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Ask The Doctor: Blood Cancer Affecting Those Over 60

Ask The Doctor: Blood Cancer Affecting Those Over 60

Q: I recently learned of a blood cancer that mainly affects people over 60. How do I know if I'm at risk and what can I do about it?

A: You're talking about chronic lymphocytic leukemia or CLL. It's most common in people between the ages of 65 and 74. CLL is a cancer of the blood that affects a group of white blood cells called lymphocytes, which help your body fight infection. It is sometimes called small lymphocytic lymphoma (SLL) but is the same disease.

CLL causes fatigue, swollen lymph nodes, anemia, weight loss and night sweats. It can also increase your risk for infection as well as your risk for other cancers, especially squamous cell skin cancer.

CLL is usually discovered during other screening tests. For example, a mammogram might detect swollen lymph nodes, or blood work will show an elevated lymphocyte count.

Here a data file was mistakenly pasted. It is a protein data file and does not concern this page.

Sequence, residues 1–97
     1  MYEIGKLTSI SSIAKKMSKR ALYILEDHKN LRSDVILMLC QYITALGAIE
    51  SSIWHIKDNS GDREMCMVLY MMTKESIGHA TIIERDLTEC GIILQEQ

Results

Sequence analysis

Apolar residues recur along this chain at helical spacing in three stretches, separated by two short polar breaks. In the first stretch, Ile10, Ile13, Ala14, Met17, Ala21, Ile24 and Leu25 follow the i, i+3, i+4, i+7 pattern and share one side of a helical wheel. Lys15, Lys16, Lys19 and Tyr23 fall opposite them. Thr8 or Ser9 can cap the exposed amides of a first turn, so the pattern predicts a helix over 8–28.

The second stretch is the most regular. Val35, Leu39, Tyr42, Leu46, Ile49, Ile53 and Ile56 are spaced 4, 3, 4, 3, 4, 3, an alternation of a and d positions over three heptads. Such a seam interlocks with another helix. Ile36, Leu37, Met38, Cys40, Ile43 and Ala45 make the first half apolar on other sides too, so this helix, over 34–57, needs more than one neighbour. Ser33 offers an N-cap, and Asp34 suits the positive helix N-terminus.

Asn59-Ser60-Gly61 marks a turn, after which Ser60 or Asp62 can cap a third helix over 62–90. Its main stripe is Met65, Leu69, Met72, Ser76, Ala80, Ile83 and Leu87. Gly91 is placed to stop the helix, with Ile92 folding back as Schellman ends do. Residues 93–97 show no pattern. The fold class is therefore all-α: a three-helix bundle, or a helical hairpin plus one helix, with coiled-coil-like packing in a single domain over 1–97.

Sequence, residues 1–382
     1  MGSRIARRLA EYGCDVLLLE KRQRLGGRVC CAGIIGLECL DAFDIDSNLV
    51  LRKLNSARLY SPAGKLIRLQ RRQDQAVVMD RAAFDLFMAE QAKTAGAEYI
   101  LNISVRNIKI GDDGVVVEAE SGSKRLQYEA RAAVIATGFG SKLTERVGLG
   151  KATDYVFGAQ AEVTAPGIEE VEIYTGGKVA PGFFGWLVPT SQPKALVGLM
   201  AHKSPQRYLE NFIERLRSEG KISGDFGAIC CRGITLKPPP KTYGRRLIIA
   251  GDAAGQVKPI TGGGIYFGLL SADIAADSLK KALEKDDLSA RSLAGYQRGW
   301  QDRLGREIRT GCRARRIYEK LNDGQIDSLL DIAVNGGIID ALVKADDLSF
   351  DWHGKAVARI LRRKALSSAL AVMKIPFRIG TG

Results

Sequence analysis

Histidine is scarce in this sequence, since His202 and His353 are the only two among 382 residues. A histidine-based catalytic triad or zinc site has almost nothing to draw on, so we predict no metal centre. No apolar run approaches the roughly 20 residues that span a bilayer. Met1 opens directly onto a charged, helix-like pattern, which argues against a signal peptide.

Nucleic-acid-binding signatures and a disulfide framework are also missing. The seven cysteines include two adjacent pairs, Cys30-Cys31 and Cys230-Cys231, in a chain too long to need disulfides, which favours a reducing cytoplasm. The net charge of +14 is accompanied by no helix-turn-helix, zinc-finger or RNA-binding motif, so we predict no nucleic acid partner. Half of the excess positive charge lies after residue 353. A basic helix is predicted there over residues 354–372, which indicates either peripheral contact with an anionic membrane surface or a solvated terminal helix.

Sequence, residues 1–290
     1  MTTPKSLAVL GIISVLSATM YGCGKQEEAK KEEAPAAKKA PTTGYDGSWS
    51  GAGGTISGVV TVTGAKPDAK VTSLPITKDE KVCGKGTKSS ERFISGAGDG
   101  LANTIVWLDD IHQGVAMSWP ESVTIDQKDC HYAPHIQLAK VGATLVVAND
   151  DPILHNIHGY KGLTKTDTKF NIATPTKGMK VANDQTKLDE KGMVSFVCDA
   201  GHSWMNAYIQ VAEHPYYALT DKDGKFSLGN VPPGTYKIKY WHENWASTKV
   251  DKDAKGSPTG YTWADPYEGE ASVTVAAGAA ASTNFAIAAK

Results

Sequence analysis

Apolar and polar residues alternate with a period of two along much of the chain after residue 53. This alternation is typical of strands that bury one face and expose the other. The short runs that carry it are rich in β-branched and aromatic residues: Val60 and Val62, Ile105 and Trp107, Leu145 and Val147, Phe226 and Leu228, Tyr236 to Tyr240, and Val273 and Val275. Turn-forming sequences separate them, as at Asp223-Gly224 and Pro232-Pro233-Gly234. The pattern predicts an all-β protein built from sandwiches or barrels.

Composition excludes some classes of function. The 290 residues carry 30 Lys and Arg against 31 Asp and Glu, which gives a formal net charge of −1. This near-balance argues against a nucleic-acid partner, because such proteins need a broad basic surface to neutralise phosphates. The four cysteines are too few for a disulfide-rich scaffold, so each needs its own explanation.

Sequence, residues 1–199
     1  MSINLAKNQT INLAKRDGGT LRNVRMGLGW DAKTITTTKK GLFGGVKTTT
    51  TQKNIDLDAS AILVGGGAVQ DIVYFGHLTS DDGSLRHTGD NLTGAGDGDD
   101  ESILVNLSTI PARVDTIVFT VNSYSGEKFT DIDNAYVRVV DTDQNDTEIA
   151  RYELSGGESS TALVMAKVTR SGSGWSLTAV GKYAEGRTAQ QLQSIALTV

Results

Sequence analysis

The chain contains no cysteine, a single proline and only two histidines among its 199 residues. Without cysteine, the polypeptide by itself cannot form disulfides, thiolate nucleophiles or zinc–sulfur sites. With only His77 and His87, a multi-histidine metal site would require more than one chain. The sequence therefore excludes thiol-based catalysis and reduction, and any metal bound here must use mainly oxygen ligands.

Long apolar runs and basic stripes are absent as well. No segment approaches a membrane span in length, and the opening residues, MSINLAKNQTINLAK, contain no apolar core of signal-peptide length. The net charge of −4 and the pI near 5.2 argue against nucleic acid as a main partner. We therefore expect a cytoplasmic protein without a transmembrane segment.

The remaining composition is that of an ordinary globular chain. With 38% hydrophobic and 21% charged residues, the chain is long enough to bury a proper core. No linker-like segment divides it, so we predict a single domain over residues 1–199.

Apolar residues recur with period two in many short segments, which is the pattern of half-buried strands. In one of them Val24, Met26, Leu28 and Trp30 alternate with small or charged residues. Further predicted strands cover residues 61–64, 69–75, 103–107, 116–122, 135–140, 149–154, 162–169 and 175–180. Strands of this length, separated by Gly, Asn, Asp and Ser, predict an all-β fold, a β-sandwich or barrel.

Most patients do not require extensive therapy early in the disease, but as CLL progresses it can threaten the bone marrow and cause infections. That's when treatment with chemotherapy and antibody therapy is needed. Some new treatment options that we're very excited about are Venetoclax and Ibrutinib. Both are oral small molecular inhibitors of cell function. They're clinically shown to greatly improve survival rates in CLL sufferers with high-risk disease and have fewer side effects.

Unfortunately, you can't prevent CLL. It appears to occur over time as a result of environmental factors and spontaneous genetic mutation. However, you can help ensure an early diagnosis for the best possible outcome by visiting your primary care physician every year and keeping up with your routine health screenings. Should you have lymph node swelling or night sweats without cause, get evaluated by your primary care physician right away.